Researchers debut affordable prosthetic socket from plastic waste

August 26, 2019

The plastic waste problem plaguing our world has been put to some good use – lightweight, breathable prosthetic sockets have been recently made and would undoubtedly bolster public health and welfare.

Chiefly engineered by a UK-based researcher, Dr. K. Kandan, from De Montfort University, found that the material from discarded plastic water bottles could be spun into polyester yarns which were suitable to be moulded into prosthetic sockets. Dr. Kandan tried these out on two disabled male patients in India, who were very impressed by the prosthetic.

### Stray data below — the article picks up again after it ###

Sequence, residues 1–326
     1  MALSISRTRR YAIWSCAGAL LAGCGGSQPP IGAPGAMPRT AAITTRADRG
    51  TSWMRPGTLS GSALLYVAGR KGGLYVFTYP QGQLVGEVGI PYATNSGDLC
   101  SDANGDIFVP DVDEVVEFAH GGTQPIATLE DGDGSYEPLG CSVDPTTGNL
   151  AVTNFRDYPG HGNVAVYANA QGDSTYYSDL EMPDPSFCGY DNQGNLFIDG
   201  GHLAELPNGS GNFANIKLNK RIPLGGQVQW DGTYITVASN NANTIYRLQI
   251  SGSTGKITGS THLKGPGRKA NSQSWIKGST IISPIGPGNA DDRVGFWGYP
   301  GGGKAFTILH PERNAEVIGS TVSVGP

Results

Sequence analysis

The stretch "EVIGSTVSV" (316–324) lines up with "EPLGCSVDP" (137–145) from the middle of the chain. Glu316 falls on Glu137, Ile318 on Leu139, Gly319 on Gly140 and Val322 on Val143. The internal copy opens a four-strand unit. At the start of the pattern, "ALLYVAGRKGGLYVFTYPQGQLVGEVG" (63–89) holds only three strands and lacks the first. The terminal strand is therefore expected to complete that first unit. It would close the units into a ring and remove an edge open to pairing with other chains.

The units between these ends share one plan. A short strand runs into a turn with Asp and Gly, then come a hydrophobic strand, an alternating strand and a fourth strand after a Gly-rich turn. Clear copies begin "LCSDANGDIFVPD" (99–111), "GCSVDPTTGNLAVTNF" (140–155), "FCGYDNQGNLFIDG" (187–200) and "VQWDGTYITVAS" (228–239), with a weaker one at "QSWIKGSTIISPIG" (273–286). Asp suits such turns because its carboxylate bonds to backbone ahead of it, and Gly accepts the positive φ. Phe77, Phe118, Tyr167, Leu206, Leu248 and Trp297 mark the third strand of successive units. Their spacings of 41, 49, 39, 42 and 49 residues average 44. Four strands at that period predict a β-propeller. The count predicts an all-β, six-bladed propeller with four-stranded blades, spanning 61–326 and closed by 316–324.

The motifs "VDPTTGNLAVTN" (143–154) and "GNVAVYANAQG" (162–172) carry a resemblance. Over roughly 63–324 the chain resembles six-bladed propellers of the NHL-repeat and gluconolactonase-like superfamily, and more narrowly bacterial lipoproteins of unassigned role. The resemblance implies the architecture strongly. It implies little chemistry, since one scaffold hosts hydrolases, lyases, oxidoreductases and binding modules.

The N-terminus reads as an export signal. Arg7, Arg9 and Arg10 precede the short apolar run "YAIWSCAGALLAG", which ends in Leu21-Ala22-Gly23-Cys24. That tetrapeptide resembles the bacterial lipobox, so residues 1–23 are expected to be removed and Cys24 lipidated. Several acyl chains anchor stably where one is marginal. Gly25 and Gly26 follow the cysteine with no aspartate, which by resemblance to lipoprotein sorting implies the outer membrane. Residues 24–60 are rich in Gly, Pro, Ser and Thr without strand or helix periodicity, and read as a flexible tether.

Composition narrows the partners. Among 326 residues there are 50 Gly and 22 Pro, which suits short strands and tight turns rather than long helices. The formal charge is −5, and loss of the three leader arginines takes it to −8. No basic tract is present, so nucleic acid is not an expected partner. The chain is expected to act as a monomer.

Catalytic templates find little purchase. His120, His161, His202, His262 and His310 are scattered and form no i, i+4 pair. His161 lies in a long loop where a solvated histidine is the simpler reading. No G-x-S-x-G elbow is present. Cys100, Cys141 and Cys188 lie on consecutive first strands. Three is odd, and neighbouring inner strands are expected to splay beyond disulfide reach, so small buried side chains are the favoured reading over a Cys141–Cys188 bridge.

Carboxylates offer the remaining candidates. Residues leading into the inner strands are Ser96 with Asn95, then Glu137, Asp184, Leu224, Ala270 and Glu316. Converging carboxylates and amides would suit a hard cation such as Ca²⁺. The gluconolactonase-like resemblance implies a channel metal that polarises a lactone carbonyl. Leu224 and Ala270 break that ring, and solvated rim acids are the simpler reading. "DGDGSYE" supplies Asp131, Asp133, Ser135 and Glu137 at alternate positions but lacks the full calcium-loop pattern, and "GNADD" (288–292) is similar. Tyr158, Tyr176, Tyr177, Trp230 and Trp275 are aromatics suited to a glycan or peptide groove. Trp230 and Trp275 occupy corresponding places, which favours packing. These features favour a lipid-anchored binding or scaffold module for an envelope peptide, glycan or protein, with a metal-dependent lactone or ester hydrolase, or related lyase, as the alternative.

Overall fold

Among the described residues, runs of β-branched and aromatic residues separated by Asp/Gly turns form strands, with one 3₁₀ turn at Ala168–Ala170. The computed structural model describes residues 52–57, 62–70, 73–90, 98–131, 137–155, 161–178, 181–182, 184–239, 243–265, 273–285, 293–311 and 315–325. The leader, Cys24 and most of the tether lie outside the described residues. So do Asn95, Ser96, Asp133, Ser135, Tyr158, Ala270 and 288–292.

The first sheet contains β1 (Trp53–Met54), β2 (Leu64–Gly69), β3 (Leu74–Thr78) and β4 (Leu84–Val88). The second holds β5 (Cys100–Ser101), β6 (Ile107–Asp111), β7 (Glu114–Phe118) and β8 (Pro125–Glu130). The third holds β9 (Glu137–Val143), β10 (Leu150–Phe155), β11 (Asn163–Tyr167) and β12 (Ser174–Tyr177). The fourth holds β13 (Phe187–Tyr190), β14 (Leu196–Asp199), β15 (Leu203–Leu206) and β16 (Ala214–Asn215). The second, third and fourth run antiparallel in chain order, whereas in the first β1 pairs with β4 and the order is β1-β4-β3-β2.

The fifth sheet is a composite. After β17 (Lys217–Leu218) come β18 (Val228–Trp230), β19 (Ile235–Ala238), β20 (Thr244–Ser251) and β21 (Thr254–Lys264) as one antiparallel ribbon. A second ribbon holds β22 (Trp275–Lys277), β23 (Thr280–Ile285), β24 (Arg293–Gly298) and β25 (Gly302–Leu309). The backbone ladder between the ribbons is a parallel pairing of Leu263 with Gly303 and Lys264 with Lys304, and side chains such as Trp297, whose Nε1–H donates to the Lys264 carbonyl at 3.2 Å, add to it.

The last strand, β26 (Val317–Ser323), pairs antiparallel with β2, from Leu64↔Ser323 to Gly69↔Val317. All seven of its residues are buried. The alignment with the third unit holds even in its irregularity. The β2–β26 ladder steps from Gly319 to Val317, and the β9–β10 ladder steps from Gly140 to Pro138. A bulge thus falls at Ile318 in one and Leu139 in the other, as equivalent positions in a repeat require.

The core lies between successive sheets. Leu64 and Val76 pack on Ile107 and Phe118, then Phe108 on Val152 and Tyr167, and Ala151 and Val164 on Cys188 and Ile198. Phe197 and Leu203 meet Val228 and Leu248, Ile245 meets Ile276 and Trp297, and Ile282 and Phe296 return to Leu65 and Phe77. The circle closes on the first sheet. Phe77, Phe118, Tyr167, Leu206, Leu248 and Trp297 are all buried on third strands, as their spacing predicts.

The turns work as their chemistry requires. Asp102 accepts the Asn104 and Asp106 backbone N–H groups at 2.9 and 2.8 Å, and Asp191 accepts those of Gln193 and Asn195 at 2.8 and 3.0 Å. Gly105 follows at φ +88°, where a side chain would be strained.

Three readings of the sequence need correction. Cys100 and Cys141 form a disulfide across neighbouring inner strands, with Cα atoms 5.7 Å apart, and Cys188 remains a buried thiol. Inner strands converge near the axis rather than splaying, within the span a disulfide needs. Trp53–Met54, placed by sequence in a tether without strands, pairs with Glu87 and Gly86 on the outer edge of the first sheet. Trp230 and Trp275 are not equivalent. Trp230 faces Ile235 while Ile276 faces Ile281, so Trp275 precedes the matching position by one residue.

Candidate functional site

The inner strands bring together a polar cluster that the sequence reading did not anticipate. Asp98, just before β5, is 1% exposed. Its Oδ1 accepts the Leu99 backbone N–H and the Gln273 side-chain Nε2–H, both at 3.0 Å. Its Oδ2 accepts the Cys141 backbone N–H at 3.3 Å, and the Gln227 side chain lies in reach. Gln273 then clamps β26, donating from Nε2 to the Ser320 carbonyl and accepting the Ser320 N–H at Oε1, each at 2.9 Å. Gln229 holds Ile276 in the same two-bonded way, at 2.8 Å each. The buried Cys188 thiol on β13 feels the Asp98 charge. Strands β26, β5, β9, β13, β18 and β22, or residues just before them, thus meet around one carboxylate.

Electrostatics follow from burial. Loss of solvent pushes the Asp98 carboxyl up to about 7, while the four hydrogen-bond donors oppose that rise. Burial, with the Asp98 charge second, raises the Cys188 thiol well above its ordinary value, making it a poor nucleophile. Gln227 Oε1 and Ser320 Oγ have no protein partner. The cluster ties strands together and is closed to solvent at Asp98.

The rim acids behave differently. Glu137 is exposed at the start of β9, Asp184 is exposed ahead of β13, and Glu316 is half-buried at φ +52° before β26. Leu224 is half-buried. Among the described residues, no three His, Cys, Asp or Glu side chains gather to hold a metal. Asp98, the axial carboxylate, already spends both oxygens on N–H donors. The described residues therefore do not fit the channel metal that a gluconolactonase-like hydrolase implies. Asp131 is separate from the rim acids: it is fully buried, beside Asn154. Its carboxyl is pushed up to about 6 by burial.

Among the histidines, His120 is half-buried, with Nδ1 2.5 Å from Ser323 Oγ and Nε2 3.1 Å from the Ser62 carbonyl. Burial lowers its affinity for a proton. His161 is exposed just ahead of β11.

According to the boys, the attachment was easy to walk with, and allowed air to flow to the rest of their leg, which was ideal for the hot climate in India.

The plastic waste socket is also incredibly cheap – one can be produced for as little as US$12 apiece, much more affordable than most which cost around US$6,000. Dr. Kandan and colleagues hope to trial the design on larger groups of low-/middle-income people, in different countries, since the source material is easily acquired.

“There are many people in developing countries who would really benefit from quality artificial limbs – in identifying cheaper materials, we could restore mobility to the needy,” said Dr. Kandan.

To date, other uses of plastic waste include using unrecyclable trash to make office furniture, portable speakers and temporary shelters for use at music festivals.


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